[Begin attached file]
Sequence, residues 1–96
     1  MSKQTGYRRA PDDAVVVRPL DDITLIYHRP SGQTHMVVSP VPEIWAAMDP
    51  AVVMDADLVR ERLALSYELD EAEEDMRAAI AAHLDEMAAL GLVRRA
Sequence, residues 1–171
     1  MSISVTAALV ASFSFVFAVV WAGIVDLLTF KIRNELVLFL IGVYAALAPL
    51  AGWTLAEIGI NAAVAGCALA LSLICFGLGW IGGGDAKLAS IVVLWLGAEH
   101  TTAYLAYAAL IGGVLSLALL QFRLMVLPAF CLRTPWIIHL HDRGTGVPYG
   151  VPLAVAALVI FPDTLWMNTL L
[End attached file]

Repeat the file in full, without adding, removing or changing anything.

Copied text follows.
Sequence, residues 1–96
     1  MSKQTGYRRA PDDAVVVRPL DDITLIYHRP SGQTHMVVSP VPEIWAAMDP
    51  AVVMDADLVR ERLALSYELD EAEEDMRAAI AAHLDEMAAL GLVRRA
Sequence, residues 1–171
     1  MSISVTAALV ASFSFVFAVV WAGIVDLLTF KIRNELVLFL IGVYAALAPL
    51  AGWTLAEIGI NAAVAGCALA LSLICFGLGW IGGGDAKLAS IVVLWLGAEH
   101  TTAYLAYAAL IGGVLSLALL QFRLMVLPAF CLRTPWIIHL HDRGTGVPYG
   151  VPLAVAALVI FPDTLWMNTL L